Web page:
Appeal dropped against grow op gang

Sometimes Mounties get their man, and sometimes they don’t. Crown prosecutors have abandoned their appeal against four men allegedly involved…

Sometimes Mounties get their man, and sometimes they don’t.

Crown prosecutors have abandoned their appeal against four men allegedly involved in the largest grow-op in Yukon history after police couldn’t find them.

The four men were acquitted after territorial court judge Karen Ruddy decided evidence against them had been improperly collected by RCMP.

In 2005, after seizing 4,500 pot plants from grow-ops in Copper Ridge, police charged eight men for possessing and growing marijuana.

The trial was held in November 2006.

Defence argued that evidence gathered by police should be excluded because it violated the Charter of Rights and Freedoms.

Ruddy agreed.

RCMP breached the arrested men’s rights to legal counsel, she wrote in an 81-page report in April 2007.

Police also manipulated court documents, arrested people without grounds and failed to follow established rules for processing the accused after arrest.

As a result, a great deal of evidence was excluded from the case, said Crown counsel Noel Sinclair.

“And that meant that we didn’t have sufficient evidence to prosecute four of the eight men that were charged.”

The men were acquitted, but the Crown filed a notice of appeal of Ruddy’s decision in May.

Before the appeal could proceed, the defendants had to be served notice.

But the RCMP could not find the four men.

They were no longer in Whitehorse and had left no forwarding addresses.

“After they were acquitted, they were no longer subject to the court processes that required them to remain in touch with the court, their bail supervisor and so forth,” said Sinclair.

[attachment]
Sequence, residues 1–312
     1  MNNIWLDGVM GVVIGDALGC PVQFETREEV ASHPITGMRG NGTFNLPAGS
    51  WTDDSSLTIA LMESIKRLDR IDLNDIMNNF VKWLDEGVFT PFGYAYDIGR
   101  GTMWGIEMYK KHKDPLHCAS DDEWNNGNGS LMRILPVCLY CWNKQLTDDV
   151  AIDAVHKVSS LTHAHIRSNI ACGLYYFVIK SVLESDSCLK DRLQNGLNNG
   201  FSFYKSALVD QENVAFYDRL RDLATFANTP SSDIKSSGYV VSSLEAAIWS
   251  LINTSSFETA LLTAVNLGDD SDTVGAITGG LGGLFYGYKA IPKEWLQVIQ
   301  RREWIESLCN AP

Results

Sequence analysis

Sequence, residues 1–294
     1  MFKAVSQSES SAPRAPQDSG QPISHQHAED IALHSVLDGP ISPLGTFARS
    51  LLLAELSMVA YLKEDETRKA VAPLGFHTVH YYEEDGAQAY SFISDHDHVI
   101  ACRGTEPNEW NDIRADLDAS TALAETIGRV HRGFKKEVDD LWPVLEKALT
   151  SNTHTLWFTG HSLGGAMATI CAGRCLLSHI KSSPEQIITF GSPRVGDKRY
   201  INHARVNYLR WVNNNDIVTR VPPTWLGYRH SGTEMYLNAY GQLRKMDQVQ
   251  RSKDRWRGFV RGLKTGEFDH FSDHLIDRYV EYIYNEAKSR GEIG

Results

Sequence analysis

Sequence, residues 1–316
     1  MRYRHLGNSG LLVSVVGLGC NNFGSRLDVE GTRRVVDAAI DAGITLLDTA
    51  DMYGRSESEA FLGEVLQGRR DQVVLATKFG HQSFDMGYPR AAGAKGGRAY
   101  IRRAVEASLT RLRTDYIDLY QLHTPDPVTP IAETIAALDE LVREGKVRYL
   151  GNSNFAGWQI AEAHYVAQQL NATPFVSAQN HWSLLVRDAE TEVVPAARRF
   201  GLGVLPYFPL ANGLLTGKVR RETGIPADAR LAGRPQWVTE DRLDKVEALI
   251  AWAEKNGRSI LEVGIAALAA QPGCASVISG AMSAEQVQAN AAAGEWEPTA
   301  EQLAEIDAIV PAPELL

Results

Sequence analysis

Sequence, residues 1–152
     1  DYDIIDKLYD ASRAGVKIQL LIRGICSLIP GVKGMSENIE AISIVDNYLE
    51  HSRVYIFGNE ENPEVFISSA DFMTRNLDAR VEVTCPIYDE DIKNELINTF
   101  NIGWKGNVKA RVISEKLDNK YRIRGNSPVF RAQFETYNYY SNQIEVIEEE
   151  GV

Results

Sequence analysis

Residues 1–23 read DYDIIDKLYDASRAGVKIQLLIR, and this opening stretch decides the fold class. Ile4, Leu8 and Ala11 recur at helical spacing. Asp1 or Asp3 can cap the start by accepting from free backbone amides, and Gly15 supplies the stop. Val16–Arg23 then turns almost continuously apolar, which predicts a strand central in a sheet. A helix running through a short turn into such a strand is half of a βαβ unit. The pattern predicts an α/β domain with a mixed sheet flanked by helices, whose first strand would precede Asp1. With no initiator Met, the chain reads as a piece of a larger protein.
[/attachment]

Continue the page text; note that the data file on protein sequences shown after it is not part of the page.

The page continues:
They disappeared.

“We believe that they are somewhere in the Lower Mainland area,” said RCMP spokesperson Roger Lockwood.

“We utilized police resources from RCMP and other police forces in other jurisdictions to locate the individuals.

“Intensive inquiries have been made to locate them.”

Unable to locate the defendants, the Crown decided to abandon the appeal.

The Crown could have applied for an alternative means of notification, such as publishing it in a newspaper, said Sinclair.

But this requires the Crown to prove to the court that this would successfully bring the appeal to the defendants’ attention.

There wasn’t enough known about their backgrounds to do so.

Of the other four defendants, three pleaded guilty and served up to a year in jail.

One man is applying to make his guilty plea in Vancouver where he lives.

His case is still before the courts, but should be wrapped up this spring.

“Overall, there was millions of dollars in illegal drugs that was taken off the streets of the Yukon,” said Lockwood.

“There was a great deal of effort and some very good work done by some very conscientious members of the RCMP.”